Tuesday, August 9, 2016

An Once of Prevention: Preventing Discipline Problems Before They Occur

An Ounce of Prevention

by Jill Jenkins

As teachers prepare their classrooms for the upcoming school year: cleaning and arranging desks, putting up bulletin boards and writing creative lesson plans, they need to plan to prevent discipline problems.  In Benjamin Franklins' words, "An ounce of prevention is worth a pound of cure."  A few simple steps can prevent hours of meetings with angry parents and students and save the administration a multitude of migraines.   

#1 Proximity is Power

Although many classrooms are packed with forty plus students, there are still classroom arrangements that will allow the teacher an opportunity to interact personally with each student.  Being physically close to students can quell many potential discipline problems.  A would be class clown can often be brought to submission by the teacher standing next to his desk or placing a hand on his shoulder.  Interacting one-to-one with students bonds them.  Students who feel bonded to a teacher are less likely to be disruptive because the relationship with their teacher is important to them.  It is disarming to a student to talk to a teacher on his own level.  Kneeling next to a student's desk so that the teacher's face and the student's face are close and speaking in a soft voice allows students to receive instruction without losing face. Students are often embarrassed by their learning shortcomings. Some classrooms are small and filled with too many students.  Faced by this dilemma, I moved all of the desks to the side of the room into groups of three.  The school banned backpacks in the classroom, providing me with even more room.   I was able to make personal contact with each student every day.  Teachers must be on their feet moving between desks to help each student stay on task and redirect any inappropriate behavior.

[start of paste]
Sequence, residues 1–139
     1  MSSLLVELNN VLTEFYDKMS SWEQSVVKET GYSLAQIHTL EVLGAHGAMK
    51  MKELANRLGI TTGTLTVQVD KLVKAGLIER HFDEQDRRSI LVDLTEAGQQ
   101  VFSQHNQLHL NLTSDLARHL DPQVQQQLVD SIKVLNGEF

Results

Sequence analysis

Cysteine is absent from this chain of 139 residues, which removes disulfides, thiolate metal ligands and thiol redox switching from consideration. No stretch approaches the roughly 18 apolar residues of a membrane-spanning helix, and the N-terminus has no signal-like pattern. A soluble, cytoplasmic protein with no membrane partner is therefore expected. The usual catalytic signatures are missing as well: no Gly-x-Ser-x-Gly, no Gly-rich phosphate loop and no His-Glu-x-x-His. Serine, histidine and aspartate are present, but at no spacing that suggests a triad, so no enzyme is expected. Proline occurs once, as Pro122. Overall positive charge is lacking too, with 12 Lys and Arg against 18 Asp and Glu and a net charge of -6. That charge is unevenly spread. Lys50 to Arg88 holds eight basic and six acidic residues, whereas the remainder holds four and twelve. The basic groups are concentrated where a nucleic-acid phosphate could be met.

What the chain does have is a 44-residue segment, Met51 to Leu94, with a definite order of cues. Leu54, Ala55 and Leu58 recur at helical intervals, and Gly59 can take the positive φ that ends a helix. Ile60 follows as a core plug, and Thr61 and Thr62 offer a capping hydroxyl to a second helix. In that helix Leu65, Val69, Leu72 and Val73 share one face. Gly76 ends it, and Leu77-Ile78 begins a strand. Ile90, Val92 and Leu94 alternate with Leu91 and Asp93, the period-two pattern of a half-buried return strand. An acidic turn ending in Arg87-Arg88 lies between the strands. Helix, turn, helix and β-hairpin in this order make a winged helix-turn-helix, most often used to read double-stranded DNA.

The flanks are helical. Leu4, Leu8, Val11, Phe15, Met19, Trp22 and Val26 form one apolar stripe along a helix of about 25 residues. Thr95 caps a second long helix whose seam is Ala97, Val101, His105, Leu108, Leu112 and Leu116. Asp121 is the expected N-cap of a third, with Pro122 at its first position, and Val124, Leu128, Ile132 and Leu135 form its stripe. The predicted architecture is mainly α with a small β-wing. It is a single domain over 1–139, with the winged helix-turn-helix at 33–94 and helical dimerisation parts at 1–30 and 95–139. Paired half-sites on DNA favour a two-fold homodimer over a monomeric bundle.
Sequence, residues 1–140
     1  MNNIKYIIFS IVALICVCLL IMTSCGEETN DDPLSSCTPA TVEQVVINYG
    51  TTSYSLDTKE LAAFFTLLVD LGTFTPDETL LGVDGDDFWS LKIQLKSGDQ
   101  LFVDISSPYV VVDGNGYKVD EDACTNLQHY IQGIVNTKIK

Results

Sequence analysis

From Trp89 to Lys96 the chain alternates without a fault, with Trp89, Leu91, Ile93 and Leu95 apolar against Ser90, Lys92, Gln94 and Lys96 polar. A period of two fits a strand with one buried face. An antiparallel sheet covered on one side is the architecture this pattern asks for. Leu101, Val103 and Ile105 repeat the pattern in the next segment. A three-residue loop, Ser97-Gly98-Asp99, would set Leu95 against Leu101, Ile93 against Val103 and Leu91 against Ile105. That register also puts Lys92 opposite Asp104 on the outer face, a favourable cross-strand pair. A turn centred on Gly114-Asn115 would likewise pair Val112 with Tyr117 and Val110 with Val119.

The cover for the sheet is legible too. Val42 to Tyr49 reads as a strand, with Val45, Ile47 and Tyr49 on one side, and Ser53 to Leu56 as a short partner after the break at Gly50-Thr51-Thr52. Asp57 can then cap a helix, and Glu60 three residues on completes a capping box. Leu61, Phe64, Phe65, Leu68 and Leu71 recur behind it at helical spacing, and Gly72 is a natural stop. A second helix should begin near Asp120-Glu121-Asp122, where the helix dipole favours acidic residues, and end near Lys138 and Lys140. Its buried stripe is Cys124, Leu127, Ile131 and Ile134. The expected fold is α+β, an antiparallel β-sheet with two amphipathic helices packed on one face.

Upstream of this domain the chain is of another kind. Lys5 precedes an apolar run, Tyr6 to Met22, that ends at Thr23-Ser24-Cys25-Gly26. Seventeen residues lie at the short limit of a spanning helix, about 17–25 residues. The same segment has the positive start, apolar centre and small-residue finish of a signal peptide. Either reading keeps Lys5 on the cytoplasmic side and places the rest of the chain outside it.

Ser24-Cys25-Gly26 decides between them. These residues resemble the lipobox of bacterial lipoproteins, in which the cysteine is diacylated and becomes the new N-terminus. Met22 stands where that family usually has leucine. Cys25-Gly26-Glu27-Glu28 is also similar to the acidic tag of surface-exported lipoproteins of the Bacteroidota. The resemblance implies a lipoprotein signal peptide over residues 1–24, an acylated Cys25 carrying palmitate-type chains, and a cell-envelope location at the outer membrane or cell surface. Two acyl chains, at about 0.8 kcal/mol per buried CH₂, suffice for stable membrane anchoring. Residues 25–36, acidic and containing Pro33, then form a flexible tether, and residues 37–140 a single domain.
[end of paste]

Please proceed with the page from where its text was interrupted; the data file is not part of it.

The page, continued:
#2 Consistent Procedures